Reporting sexual harassment is a choice, speaking up against it is a must. The ‘ Me too’ campaign launched in October 2017 encouraged women in all walks of life to share their stories relating to sexual harassment. This movement enlightened me, it brought back memories of encounters I have had in social situations.
My first experience was at the age of 20. I was on holiday back in my home country (Liberia, West Africa). A well known event promoter by the name Double H showed interest in my clothing designs. He invited me to his place to try on my menswear collection. I was a young girl eager to promote my brand, therefore my safety was an afterthought. After a brief chat on his couch he went in for a kiss, I resisted and stood up. He then forced himself on me, I felt helpless. I tried to push him away, but the harder I pushed, the tighter he held onto me. I stood still for a while, he managed to convince himself I was in compliance so he let go. I walked towards the door and made up a flimsy excuse as to why I had to leave. Surprisingly he offered me a ride to my next destination. During the awkward car ride I couldn’t help but feel violated, however I was unaware the incident was a form of sexual harassment.
‘Me too’ campaign opened a Pandora box most women kept well hidden in fear of backlash or victim shaming. I can’t help but think of adolescent girls and women who have had their dignity violated, yet are clueless of the consequences of sexual harassment. Young women are particularly vulnerable to sexual harassment, thus it is important to educate young women on the effects of experiencing sexual harassment as well as how to recognise and tackle sexual harassment.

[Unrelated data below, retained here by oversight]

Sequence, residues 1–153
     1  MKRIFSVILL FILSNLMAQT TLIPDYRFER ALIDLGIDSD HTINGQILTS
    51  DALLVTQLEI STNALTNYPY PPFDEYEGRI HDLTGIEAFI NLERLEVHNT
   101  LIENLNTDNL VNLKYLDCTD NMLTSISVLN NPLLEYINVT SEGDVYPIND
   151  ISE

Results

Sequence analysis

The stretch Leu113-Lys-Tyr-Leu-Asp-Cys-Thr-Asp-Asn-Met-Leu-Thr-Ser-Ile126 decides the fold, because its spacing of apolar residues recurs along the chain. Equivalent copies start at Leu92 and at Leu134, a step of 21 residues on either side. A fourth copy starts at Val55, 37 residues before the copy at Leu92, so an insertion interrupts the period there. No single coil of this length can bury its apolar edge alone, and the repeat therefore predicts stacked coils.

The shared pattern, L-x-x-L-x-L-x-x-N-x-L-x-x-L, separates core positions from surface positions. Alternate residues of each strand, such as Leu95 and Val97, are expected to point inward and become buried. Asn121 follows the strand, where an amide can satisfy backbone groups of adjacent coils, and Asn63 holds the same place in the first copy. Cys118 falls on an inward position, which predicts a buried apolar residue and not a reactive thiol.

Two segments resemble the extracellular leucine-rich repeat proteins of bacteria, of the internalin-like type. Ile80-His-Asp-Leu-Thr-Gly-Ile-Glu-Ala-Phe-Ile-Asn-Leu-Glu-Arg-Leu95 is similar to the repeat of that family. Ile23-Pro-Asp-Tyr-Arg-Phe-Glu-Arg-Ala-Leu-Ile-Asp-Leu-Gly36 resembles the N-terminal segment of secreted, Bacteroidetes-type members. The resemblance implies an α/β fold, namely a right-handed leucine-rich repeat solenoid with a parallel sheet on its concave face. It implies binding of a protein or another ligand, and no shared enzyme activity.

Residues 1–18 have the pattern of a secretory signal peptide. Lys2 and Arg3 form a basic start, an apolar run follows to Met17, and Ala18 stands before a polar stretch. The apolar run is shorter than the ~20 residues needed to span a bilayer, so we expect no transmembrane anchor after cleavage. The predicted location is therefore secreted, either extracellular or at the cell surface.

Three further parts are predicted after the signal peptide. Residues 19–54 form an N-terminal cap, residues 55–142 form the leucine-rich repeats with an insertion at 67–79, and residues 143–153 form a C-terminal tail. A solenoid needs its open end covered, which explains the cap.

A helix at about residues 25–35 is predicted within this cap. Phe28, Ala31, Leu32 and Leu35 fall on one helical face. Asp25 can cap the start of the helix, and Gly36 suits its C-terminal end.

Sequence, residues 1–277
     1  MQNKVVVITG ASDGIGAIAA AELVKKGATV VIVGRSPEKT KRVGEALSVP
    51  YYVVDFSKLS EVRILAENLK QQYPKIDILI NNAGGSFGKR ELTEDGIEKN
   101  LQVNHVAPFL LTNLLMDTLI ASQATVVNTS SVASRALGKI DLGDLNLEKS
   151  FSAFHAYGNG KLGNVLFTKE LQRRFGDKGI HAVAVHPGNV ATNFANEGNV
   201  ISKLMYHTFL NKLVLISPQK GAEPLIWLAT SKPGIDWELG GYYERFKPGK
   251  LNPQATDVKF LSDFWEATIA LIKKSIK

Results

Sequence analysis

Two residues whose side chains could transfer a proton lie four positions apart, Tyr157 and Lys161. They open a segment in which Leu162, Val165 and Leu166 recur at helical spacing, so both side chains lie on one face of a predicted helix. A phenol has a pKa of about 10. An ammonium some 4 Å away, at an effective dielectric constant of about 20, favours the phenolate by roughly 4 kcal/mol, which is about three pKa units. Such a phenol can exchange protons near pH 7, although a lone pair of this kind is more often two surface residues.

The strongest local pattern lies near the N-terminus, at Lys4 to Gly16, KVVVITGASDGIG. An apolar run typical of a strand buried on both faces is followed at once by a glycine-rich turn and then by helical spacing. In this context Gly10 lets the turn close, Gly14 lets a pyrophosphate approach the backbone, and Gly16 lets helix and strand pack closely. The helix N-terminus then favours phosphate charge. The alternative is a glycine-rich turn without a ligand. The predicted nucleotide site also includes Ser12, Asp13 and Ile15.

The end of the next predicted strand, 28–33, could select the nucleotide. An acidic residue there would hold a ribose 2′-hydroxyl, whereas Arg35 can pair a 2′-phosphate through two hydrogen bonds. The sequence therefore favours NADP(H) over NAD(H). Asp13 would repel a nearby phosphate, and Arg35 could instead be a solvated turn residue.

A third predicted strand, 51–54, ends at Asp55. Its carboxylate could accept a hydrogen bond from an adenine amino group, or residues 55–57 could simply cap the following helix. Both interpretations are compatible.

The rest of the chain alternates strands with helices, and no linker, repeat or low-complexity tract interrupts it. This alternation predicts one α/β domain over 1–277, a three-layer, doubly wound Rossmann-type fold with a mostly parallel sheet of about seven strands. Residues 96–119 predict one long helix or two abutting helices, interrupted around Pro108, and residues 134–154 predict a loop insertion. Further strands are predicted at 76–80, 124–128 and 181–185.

You can do this by keeping the conversation going with young women in your family, on social media or within your community. There are two types of sexual harassment that are legally recognised.
Quid pro quo means “this for that.” In this context, it involves expressed or implied demands for sexual favours in exchange for some benefit (e.g., a promotion, pay increase) or to avoid some detriment (e.g., termination, demotion) in the workplace. Quid pro quo harassment is perpetrated by someone who is in a position of power or authority over another (e.g., manager or supervisor over a subordinate). A clear example of quid pro quo harassment would be a supervisor threatening to fire an employee if he or she does not have sex with the supervisor.- Society For Human Resource Management.
Hostile work environment harassment arises when speech or conduct is so severe and pervasive it that creates an intimidating or demeaning environment or situation that negatively affects a person’s job performance. Unlike quid pro quo harassment, this type of harassment can be perpetrated by anyone in the work environment, including a peer, supervisor, subordinate, vendor, customer or contractor. Hostile work environment situations are not as easy to recognize, given that an individual comment or occurrence may not be severe, demeaning behaviour may occur that is not based on sex, and there may be long periods between offensive incidents. Examples of conduct that might create a hostile work environment include inappropriate touching, sexual jokes or comments, repeated requests for dates and a work environment where offensive pictures are displayed- Society For Human Resource Management.